The Buy Safe America Coalition is focused on the threat that organized retail crime, and fake and stolen goods, pose to retailers. Per a January report from the U.S. Department of Homeland Security, cited by the Buy Safe America Coalition, apparel, accessories, shoes, jewelry, handbags, wallets and electronics were among the top items seized in 2018.
“Clothing and apparel retail stores that line Main Streets across the country are on the forefront of the fight against counterfeits and stolen goods,” Michael Hanson, spokesperson for the Buy Safe America Coalition, said in a statement. “America’s largest apparel companies share our mission to protect consumers and communities and are urging Congress to pass basic transparency and verification requirements to make it harder for bad actors to peddle stolen and counterfeit goods.”
As the COVID-19 pandemic shifts nonessential spending online, consumers and regulators have been increasingly concerned about counterfeit sales. Back in March, a report from Red Points found that 68% of U.S. consumers are concerned about more counterfeit or poor-quality goods sold online due to the pandemic. That same month, legislators introduced the SHOP SAFE Act, a bill that would create trademark liability for online marketplaces when third parties sell fake products that could endanger consumer health and safety, but it hasn’t moved past the introduction phase. In July, the U.S. House Judiciary Committee also questioned Jeff Bezos about fake items sold over the platform.
The large number of jerseys used by NBA teams while playing in the Florida bubble, and their resulting collectability, is another boon for counterfeiters. “Multiple teams have had up to four jerseys so far across 15-18 games, which drives memorabilia. There are also the retro jerseys many NBA teams ran. I bet those have been super-hot to collect,” Shapiro says, adding that it will take more time to collect data on whether those jerseys were specifically targeted.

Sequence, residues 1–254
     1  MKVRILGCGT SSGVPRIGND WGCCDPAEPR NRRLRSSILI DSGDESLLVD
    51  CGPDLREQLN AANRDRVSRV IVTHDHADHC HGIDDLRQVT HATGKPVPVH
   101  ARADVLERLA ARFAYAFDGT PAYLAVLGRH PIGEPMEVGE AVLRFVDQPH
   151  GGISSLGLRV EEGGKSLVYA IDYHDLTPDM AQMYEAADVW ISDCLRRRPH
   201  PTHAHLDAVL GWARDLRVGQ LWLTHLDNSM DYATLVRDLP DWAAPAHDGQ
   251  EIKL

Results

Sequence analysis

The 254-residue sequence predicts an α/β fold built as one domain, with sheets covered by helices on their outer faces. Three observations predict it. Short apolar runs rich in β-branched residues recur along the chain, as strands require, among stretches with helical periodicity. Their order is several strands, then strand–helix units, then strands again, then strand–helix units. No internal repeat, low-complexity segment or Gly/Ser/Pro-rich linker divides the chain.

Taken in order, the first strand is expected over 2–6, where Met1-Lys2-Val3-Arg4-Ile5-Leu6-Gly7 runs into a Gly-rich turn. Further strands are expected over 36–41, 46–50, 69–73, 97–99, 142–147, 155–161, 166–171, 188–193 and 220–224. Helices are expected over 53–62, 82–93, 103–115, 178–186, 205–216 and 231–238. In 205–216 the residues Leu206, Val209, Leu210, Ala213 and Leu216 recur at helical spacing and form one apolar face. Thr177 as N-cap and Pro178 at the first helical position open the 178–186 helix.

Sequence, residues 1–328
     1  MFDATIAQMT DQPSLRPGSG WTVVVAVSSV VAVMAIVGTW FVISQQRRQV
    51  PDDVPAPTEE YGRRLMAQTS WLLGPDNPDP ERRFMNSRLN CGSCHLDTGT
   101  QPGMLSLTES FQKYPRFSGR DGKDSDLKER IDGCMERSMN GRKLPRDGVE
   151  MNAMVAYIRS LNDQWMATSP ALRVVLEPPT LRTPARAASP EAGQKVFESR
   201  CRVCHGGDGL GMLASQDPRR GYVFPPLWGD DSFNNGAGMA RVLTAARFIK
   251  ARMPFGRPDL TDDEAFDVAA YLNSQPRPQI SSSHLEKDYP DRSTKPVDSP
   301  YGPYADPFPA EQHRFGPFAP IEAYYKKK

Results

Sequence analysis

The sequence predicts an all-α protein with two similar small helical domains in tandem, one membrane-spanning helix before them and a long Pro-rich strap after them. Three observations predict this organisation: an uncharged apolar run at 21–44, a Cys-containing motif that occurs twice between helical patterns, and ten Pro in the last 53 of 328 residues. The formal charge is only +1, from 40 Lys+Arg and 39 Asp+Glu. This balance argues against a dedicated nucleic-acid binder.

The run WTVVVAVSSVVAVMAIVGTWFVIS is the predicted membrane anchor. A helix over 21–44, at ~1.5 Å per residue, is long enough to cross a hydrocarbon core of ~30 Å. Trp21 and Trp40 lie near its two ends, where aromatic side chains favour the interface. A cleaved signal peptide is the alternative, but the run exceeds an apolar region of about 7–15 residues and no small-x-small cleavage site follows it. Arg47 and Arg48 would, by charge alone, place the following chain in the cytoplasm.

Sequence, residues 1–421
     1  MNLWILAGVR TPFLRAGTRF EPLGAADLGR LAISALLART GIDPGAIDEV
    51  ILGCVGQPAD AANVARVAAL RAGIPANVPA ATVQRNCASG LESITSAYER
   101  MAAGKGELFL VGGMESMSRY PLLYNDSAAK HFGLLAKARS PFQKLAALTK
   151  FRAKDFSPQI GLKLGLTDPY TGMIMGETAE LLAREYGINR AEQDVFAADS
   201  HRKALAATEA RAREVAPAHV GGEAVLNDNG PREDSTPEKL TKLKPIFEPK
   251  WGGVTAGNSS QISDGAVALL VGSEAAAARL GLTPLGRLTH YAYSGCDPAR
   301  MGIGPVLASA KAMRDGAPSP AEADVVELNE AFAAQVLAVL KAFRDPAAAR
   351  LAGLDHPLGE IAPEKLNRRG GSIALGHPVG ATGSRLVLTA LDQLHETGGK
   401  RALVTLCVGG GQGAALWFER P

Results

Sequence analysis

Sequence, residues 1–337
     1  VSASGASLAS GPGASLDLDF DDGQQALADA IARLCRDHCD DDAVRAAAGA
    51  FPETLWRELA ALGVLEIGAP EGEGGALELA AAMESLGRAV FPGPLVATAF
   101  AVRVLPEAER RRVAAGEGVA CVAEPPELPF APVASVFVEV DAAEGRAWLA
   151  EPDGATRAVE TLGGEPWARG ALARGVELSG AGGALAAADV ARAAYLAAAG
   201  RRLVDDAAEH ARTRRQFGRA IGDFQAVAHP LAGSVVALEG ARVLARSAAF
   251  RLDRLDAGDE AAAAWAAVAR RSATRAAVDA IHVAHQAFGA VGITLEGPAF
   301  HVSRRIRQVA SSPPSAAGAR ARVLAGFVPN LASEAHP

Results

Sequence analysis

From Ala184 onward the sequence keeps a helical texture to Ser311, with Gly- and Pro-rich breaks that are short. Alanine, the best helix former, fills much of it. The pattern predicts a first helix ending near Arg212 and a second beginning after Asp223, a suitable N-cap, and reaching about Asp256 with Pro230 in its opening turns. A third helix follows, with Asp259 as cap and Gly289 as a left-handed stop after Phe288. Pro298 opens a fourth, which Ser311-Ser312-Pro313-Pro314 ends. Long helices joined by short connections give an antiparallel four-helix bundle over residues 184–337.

Sven Klos, founder of KLOS cs, has also witnessed the increase in illicit activity targeting his sports clients. “Our client Ajax, for instance, is vigorously stepping up its enforcement measures,” he says. Considering the culprits, he notes: “We especially have found an increase in people starting small online retail businesses for counterfeit soccer shirts. I put that down to people having time on their hands to set up the initiatives and looking for a way to make some ‘easy’ money.”
Similarly, an in-house trademark professional for a major sports brand commented that they had seen “an increase in counterfeiting during the past few months, primarily due to the number of face coverings being produced using unlicensed marks”. However, the in-house team member was not as concerned about traditional sports memorabilia such as jerseys and headwear, stating: “Those numbers remain flat to this time last year.” Klos concurs: “I expect things to be back to pre-covid levels in a few months.”
The big increases, Shapiro suspects, are not actually in the memorabilia sector. Instead, Red Points – whose clients include 100%, Tatami Fightwear, Powerblock, DOPE, Womens Best, Venum, Cleto Reyes and O’Neal – believes the majority of the increase to be a result of home fitness goods. “In today’s world, personal fitness is being done at home, it’s a growing e-commerce interest,” Shapiro says.
“As retail environments shrink, e-commerce grows,” he adds. “Fewer people get to touch and feel a product, and so their tactical senses are being challenged. They have to make a decision from a photo. The prices often look good – seemingly on sale, maybe – so they have to ask if it looks authentic.” He adds that the issue is further complicated by counterfeiters penetrating trusted platforms, giving them the impression of legitimacy.
Read the full article in Retail Dive.